(Phys.org)—A trio of researchers with Northwestern University has created a type of concrete made only from materials found on Mars, which suggests it could be used as a building material for those who make the journey to the Red planet sometime in the distant future. The trio, Lin Wan, Roman Wendner and Gianluca Cusatis, have written a paper describing their efforts and results and have posted it on the preprint server arXiv.
Many countries and consortiums have been looking into the possibility of not only sending humans to Mars, but of establishing a presence there—perhaps even building a permanent colony. But there are many obstacles that must be overcome first, one of which is figuring out how to build a place to live on the planet without having to carry the materials for it—a tricky problem when noting the barren terrain. In this new effort, the research trio looked into the possibility of making concrete out of only material available on Mars, and notably, without the need for water, which is always used to make concrete here on Earth.
The researchers drew on prior knowledge of sulfur which has been studied for many years as a possible building material and is readily available on Mars. The odorous material can be melted and formed into shapes, but past efforts have shown that the results tend to be weak due to bubbles that form in it and shrinkage that makes it difficult to make blocks of desired sizes. To address these issues, the researchers added material that was very nearly the same as Martian soil—a mixture of titanium dioxide, iron oxide, silicon dioxide, aluminum oxide and other components. They also added pressure to keep bubbles from forming inside as the material cured. They team tried multiple different mixes until they found the proportions that seemed to make for the best Martian concrete—equal parts soil and sulfur. They report that the strength of the concrete is more than sufficient for making buildings on Mars, particularly in light of less stress due to gravity. Other testing has shown that it would also be able to withstand environmental conditions or Mars, such as temperature extremes and atmospheric pressure. As an added bonus, the concrete could be melted down if needed and pressed into different shapes.
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More information: A Novel Material for In Situ Construction on Mars: Experiments and Numerical Simulations, arXiv:1512.05461 [cond-mat.mtrl-sci] arxiv.org/abs/1512.05461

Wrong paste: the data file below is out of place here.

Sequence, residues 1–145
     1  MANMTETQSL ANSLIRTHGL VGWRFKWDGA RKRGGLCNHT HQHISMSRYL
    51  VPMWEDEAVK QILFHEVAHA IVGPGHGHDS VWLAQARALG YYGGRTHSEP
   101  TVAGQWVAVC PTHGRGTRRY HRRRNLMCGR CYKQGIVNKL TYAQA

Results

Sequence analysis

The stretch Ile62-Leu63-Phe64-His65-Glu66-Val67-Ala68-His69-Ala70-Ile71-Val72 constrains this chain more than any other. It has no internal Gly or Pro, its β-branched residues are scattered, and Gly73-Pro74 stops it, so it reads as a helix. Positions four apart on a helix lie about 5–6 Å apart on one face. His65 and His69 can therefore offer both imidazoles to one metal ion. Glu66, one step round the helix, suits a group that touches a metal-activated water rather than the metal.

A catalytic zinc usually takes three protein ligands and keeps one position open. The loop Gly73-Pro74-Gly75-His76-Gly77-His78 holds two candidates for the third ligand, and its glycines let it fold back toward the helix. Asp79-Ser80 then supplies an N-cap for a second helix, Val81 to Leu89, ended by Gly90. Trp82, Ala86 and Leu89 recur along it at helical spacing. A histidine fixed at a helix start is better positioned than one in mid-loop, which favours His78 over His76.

A significant step in space exploration during the 21st century will be human settlement on Mars. Instead of transporting all the construction materials from Earth to the red planet with incredibly high cost, using Martian soil to construct a site on Mars is a superior choice. Knowing that Mars has long been considered a "sulfur-rich planet", a new construction material composed of simulated Martian soil and molten sulfur is developed. In addition to the raw material availability for producing sulfur concrete, while its strength reaches similar levels to conventional cementitious concrete, fast curing, low temperature sustainability, acid and salt environment resistance, 100% recyclability are appealing superior characteristics of the developed Martian Concrete. In this study, different percentages of sulfur are investigated to obtain the optimal mixing proportions. Three point bending, unconfined compression and splitting tests were conducted to determine strength development, strength variability, and failure mechanisms. The test results are compared with sulfur concrete utilizing regular sand. It is observed that the particle size distribution plays a significant role in the mixture's final strength. Furthermore, since Martian soil is metal rich, sulfates and, potentially, polysulfates are also formed during high temperature mixing, which contribute to the high strength. The optimal mix developed as Martian Concrete has an unconfined compressive strength of above 50 MPa, which corresponds to a roughly 150 MPa concrete on Mars due to the difference in gravity between Mars and Earth. The formulated Martian Concrete is then simulated by the Lattice Discrete Particle Model (LDPM), which exhibits excellent ability in modeling the material response under various loading conditions.